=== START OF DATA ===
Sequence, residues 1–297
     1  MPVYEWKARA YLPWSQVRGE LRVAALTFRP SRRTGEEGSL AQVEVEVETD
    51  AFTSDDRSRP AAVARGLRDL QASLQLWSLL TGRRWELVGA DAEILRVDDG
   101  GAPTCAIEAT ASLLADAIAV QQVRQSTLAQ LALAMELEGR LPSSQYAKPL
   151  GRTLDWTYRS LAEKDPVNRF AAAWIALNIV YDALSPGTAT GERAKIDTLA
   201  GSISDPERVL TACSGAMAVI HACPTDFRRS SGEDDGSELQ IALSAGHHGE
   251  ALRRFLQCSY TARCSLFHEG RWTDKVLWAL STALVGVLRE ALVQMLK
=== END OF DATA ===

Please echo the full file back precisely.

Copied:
Sequence, residues 1–297
     1  MPVYEWKARA YLPWSQVRGE LRVAALTFRP SRRTGEEGSL AQVEVEVETD
    51  AFTSDDRSRP AAVARGLRDL QASLQLWSLL TGRRWELVGA DAEILRVDDG
   101  GAPTCAIEAT ASLLADAIAV QQVRQSTLAQ LALAMELEGR LPSSQYAKPL
   151  GRTLDWTYRS LAEKDPVNRF AAAWIALNIV YDALSPGTAT GERAKIDTLA
   201  GSISDPERVL TACSGAMAVI HACPTDFRRS SGEDDGSELQ IALSAGHHGE
   251  ALRRFLQCSY TARCSLFHEG RWTDKVLWAL STALVGVLRE ALVQMLK